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Women and vulva owners are becoming more conscious than ever about what they’re putting inside their bodies — and for good reason.
“People are realizing that everything they put into their vaginas gets absorbed,” says Felice Gersh, MD, OB-GYN, founder and director of the Integrative Medical Group of Irvine in California, and author of “PCOS SOS.” That includes any chemicals, parabens, fragrances, and other toxins.
Is that a concern with condoms? Well, it might be for some, explains Sherry Ross, MD, OB-GYN, a women’s health expert in Santa Monica, California, and author of “She-ology: The Definitive Guide to Women’s Intimate Health. Period.”
“Chemicals, dyes, additives, sugar alcohols, preservatives, local anesthetics, spermicides, and other potentially carcinogenic ingredients are often included in standard condoms. Standard brands are not usually concerned about whether their ingredients are organic or natural.”
While most condoms are safe to use, some people may find certain types irritating or uncomfortable because of the laundry list of impossible to spell ingredients mentioned above.
The good news is there are an increasing number of brands and condoms on the market. People have the option to choose protection without the additives and extra chemicals — which gives folks one less excuse for opting out of safe sex practices.
The short answer is no. The wave of organic condoms on the market and savvy marketing campaigns may be creating a false belief that traditional condoms aren’t good enough, but they are. Don’t fret.
However, you may want to try organic or natural condoms depending on your needs and preferences.
“The goal of the condom is to prevent pregnancy, also STIs, without hormonal birth control,” Ross says. “Standard brands have been researched to prove they are safe and effective for this use for the average consumer.” But not all condoms are safe for every body.
“A small percentage of women have a latex allergy, which can cause vaginal swelling, itching, and pain during sex,” Ross says. These folks may want to try nonlatex condoms, which may be made out of materials like polyurethane or lambskin.
Organic condom alternatives (which may be latex or latex-free) often have fewer chemicals, dyes, and additives, Ross says. They’re a great option for people who have an allergy or sensitivity to an ingredient commonly found in traditional condoms. They may also be appealing to people who don’t like the way most condoms make them feel or smell, or people who are more environmentally conscious.
The most important thing is that the condom doesn’t contain the ingredient that irritates or bothers you, whether that’s latex, fragrances, or another chemical. Other than that, it won’t make a big difference health-wise if you choose an organic or traditional condom.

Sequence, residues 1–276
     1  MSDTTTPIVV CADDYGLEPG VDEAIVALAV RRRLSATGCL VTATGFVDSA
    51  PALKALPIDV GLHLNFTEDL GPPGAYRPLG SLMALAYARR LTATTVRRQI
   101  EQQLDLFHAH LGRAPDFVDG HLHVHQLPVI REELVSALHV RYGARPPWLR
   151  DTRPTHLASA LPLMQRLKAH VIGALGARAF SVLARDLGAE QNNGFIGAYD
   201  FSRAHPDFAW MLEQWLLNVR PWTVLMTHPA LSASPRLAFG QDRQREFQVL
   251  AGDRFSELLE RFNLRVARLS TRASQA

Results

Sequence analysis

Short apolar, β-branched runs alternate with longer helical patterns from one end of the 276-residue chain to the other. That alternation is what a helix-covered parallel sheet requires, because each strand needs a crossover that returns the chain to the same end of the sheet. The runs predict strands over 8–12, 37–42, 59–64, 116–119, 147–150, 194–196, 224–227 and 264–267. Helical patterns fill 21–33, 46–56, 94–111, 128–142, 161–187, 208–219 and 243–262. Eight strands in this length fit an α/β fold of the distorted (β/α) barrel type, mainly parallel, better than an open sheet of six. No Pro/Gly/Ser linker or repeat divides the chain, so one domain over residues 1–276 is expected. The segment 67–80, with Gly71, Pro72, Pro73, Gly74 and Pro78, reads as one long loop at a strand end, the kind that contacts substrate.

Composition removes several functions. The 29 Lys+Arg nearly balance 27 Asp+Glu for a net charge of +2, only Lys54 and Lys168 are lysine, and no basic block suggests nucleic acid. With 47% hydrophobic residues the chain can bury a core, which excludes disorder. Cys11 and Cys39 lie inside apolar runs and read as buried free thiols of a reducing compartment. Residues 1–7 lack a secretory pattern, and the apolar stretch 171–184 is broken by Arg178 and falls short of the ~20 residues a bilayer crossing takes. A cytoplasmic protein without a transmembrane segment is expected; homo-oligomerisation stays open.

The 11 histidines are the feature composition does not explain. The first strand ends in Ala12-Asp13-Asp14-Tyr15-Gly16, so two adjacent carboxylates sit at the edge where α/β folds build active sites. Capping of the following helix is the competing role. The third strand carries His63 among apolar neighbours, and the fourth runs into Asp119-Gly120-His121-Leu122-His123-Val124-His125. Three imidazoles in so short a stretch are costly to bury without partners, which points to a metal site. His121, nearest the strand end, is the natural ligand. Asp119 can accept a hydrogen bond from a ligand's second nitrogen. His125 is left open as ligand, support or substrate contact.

In addition to organic and all-natural options, consumers can also choose from male or female (internal) condoms, latex-free condoms, and other barrier methods. Ultimately, it really comes down to personal preference.
It’s just important that you do use something effective to protect yourself and your partner. But with endless options, which ones are good to try?
We asked gynecologists and doctors to share their favorite brands and products of condoms and barrier methods. Scroll down to learn more and find the best option for you (not every product on this list protects against STIs, so read carefully). Before you buy, ask yourself the following questions:
- Will this protect me from
- Will this protect me from STIs?
- Does this product contain any
ingredients that my partner or I are allergic or sensitive to?
- Do I know how to properly use this
product for optimal results?
If you try a new condom or barrier method and experience redness, rawness, or other discomfort after, discontinue use and talk to your healthcare provider or gynecologist.
Any condom given out at Planned Parenthood
With any decision regarding your sexual health, you have to weigh the benefits and potential costs. That’s why Ross emphasizes that for most folks with vulvas, wearing a condom is the better choice compared to not wearing a condom because it isn’t organic or natural.
“The condoms I recommend the most are those given out by Planned Parenthood clinics,” Ross says. “They have typically been researched to prove they are safe and effective for the average consumer.”
Simply put, when used correctly, these condoms can prevent pregnancy and STI transmission.
Plus, they’re free! So, if you’re worried about how to pay for condoms, visit your local Planned Parenthood health center.
Cost: Free, available at your local Planned Parenthood